The results that emerged, clearly related to the specificity of the sample, allow us to offer useful suggestions for interventions to support teachers, both starting with explicitly formulated requests such as those related to digital literacy, and considering those indirectly reported such as support for professional communities of professional practice (Wenger 1998).

References

Brockett, R.G. (2015), Teaching adults. A Practical Guide for new teachers, Wiley,

San Francisco. Demetrio, D. (2003), Manuale di educazione degli adulti, Laterza, Roma – Bari.

Wenger, E. (1998), Communities of Pactice, Cambridge Univesity Press, Cambridge.



“THIRD MISSION” AND LIFELONG LEARNING: AN INNOVATIVE PARTNERSHIP AMONG EDUCATIONAL INSTITUTIONS

Giuseppe Luca De Luca Picione, Domenico Trezza

Università di Napoli Federico II, Italia

The paper is the result of a substantive interest concerning the mechanisms and the processes that are leading the Italian institutions to redefine the “Third mission” in a Lifelong learning perspective. What is the role of the different actors? The practices of Lifelong learning for European citizens have a number of specific characteristics of the different institutional contexts. According to a postmodern perspective, a welfare-oriented policy agenda allows to rethink of society or learning cultures as integrative ideologies of social policy. The implementation of any theoretical-operational model requires consideration of different national guidelines, and organizational structures at the local level, where most decisions are made in order to combine efficiency and flexibility of intervention. The research show a case study of cooperation between a network of adult education centers and universities, which transformed Adult education into Lifelong learning. Through the implementation of both research and teaching activities, the “LLL Regional Research Centre” has been building a learning community for the Vocational Education and Training system in Campania. Teachers and researchers have been involved to increase both human and social capital and develop capacity building. Educational institutions redefine continuously functions and objectives in order to expand the citizens’ dimensions of meaning since they represent a collective intelligence heritage. Lifelong learning Universities and Adult School Centers represent a “clearing house” of the institutional systems dystonias, which are observable through the “agency” of the decision makers.



THE TERRITORIAL NETWORKS FOR LIFELONG LEARNING BETWEEN STRATEGY AND OPERATION

Raffaele Sibilio, Angelo Falzarano, Paola Buonanno

Università degli Studi di Napoli "Federico II", Italia

The work illustrates how the construct of lifelong learning has conceptually and widely exceeded the limit of being considered a "service" and has come to be recognized as a subjective right. It is therefore intended to highlight how the purpose of ensuring the person is actually trained requires a relatively "new" type of organization that involves subjects with different qualifications who offer services in the field of training and work. In our country, the task of carrying out synergistic operations, in order to provide each person with a training offer that meets their needs, the assessment of specific needs, guidance services and credit recognition is entrusted to the territorial permanent learning networks, in which the CPIAs (Provincial Centers for Adult Education) play a leading role. The attempt to ensure the citizen has access to lifelong learning in a continuous and stable way, not only revolutionizes the cultural aspects related to the concept of education and its implications but means rethinking and redesigning the role of actors and activities according to the supply of integrated services which must be directly matched by the offer of an equally integrated, non-hierarchical, open and flexible organizational system, strongly oriented towards collaboration in order to achieve common and shared purposes. The results of a desk analysis will be shown; according to it the organizational models of the current territorial networks, although provided for by European and national regulatory provisions, leave the possibility of guaranteeing everyone the opportunity to always learn almost unachievable. It will be highlighted that there is still a lot to do, especially in terms of network design, strengthening multilevel, national, regional and local governance and how it is necessary to commit to improving institutional relations between systems for the provision of education services, training and work. The difficulty encountered in what we interpret as a process of social change, if on the one hand brings with it the awareness of the complexity of reality, on the other hand it cannot make us retreat from the objective, mainly of the public administration, of guaranteeing fundamental rights of the person.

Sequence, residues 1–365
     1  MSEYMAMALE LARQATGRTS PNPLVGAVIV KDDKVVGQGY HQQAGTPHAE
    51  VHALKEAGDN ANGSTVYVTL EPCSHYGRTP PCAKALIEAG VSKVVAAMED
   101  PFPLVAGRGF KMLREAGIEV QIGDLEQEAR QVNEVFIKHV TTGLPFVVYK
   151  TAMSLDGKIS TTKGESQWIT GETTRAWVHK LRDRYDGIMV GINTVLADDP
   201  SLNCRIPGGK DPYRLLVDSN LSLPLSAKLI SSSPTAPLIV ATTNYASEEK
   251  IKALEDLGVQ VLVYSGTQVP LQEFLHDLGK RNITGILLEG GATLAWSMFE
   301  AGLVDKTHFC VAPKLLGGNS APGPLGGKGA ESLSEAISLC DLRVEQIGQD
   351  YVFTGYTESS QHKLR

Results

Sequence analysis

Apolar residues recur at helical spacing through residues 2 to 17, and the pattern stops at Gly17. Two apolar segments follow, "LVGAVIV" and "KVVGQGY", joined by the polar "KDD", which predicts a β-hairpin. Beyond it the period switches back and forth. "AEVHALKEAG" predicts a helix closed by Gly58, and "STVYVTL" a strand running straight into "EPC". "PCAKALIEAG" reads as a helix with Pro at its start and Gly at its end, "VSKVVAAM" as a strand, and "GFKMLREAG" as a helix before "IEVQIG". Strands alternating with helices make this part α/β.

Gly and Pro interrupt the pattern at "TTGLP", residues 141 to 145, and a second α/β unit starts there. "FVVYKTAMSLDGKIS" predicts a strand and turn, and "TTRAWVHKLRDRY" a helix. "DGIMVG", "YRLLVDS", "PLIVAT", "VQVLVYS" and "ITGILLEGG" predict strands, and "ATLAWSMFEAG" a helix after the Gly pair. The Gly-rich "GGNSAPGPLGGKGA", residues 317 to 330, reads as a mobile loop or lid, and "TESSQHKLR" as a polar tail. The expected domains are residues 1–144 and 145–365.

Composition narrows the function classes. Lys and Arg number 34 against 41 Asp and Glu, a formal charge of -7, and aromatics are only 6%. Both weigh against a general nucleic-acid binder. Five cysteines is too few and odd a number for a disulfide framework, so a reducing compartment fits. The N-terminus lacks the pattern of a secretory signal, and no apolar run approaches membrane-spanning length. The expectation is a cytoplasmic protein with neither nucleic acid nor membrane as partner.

Terms and conditions · Contact Address:
Privacy Statement · Conference: Scuola Democratica 2021
Conference Software - ConfTool Pro 2.6.142
© 2001–2022 by Dr. H. Weinreich, Hamburg, Germany